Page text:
Families living occupying cemeteries in Phnom Penh’s Chbar Ampov district are showing reluctance in moving to a new location offered by City Hall, saying that the new houses are inadequate.
Phnom Penh Governor Khuong Sreng on Sunday visited residents of the Smor San community in Chbar Ampov II commune to ask them to relocate to Kouk Roka commune’s Andong village, where each family was promised a 25 square-metre home.
Sun Ramaly, head of the Smor San community, said yesterday that following the meeting with the governor, almost every resident expressed their reluctance to move. She said that according to residents, the houses are narrow and they find it difficult to live in.
“We appreciate City Hall paying attention to Smor San community members, but we would like to request if it could be possible that the houses be a little bigger,” Ms Ramaly said. “If possible, we would like to also propose that the budget be spent at another location, which we find to be even better.”
It is a sentiment shared among most people living in the community.
Toek Channa, a 45-year-old resident, said that her family of seven would not be able to live in the small house, especailly since there is not any land around it.
“I’ve already been there. The house was small with something that looked like a zinc roof – making it look like a rented house, we can’t accept this,” Ms Channa said. “Moreover, we are used to living here and we have jobs here. If we move to a new location, it will take a long time for us to get back on our feet.”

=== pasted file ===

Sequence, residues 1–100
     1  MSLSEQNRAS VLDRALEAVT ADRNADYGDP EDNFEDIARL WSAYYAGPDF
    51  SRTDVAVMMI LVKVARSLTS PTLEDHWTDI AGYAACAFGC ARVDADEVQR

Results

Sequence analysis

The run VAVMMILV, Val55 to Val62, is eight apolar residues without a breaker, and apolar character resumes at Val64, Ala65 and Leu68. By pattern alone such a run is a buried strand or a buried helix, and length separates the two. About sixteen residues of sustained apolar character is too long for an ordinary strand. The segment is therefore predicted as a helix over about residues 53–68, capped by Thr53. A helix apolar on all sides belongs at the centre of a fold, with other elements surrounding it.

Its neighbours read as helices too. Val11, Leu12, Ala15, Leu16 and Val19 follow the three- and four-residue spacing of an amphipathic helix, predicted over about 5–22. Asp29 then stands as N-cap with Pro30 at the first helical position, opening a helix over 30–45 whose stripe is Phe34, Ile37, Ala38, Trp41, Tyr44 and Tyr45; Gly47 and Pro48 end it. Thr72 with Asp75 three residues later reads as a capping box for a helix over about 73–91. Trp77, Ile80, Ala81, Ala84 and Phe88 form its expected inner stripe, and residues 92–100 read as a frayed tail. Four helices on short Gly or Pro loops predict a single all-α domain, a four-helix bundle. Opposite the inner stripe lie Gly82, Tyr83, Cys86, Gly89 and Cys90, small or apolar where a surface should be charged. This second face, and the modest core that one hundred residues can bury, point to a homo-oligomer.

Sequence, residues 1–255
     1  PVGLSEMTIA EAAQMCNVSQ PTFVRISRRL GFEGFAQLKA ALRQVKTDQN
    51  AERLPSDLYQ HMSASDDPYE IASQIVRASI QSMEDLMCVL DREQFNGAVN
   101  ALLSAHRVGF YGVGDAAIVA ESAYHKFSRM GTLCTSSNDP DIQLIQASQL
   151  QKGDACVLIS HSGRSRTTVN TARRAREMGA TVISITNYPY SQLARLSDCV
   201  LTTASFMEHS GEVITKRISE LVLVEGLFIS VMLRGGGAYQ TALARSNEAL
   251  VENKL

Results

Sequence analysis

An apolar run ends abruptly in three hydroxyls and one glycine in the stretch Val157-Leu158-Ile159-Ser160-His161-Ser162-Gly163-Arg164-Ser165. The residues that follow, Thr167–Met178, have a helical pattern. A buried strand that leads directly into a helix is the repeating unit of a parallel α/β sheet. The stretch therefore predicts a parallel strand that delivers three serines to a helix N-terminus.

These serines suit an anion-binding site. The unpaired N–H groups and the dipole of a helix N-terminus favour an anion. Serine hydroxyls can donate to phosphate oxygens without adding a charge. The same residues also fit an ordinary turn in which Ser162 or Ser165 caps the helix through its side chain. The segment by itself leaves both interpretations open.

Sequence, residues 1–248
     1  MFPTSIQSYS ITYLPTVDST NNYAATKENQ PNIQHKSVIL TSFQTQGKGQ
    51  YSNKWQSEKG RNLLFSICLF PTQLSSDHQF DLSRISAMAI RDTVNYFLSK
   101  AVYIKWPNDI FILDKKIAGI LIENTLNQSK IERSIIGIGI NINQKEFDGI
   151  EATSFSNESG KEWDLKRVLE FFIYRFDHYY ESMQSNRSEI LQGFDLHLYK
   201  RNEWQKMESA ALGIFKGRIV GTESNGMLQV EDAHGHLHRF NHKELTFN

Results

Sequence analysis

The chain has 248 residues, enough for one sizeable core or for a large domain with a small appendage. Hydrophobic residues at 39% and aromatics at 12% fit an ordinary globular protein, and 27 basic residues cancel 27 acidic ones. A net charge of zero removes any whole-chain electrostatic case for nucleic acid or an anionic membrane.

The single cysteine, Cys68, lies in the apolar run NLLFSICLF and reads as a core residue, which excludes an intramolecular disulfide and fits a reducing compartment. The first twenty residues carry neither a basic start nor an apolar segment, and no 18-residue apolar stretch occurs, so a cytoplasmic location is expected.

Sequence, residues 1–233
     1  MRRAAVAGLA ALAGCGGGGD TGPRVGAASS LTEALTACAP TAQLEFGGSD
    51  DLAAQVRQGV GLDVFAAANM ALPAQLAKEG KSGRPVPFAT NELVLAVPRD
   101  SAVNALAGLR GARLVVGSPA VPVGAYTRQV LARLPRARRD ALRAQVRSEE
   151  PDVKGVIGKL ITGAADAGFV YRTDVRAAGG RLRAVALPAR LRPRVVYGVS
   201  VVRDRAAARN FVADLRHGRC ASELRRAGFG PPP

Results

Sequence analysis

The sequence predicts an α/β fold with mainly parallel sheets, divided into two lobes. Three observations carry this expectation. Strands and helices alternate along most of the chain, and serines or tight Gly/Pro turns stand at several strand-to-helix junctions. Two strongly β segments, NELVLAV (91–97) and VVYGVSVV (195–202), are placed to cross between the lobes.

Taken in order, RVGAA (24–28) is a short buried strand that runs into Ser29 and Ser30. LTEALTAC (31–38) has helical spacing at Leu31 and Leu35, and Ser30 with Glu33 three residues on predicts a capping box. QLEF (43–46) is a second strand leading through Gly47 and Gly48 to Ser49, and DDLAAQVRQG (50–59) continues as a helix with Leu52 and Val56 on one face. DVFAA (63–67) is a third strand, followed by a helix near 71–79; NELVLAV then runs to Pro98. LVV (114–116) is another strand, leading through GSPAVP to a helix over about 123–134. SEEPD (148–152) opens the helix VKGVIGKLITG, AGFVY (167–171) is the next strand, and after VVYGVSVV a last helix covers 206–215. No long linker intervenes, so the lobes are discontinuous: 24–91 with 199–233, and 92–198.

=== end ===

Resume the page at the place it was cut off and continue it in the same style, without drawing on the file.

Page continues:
Phang Leakvongsa, a 48-year-old community doctor, said that most families have roots going back to 2012 when families began buying land next to the cemeteries.
“My business is in this village and if we go to a new place, it would be hard to start the business again,” Mr Leakvongsa said. “But if City Hall wants us to move, then we would like to negotiate a fair deal.”
In response, Chbar Ampov district Governor Cheng Monyra said yesterday that the decision to move is up to residents and that the authorities will not coerce individuals into moving.
“We aren’t sure who agrees and who disagrees with the move, families were saying that they needed to discuss it first,” he said. “But we won’t coerce them, we’ll give them time to consider.”
Sam Vicheat, a programme director with the Housing Rights Task Force, said yesterday that people have the right to live where they please, but noted that City Hall has provided a better way to live.
“It’s not good to live in the cemeteries,” he said.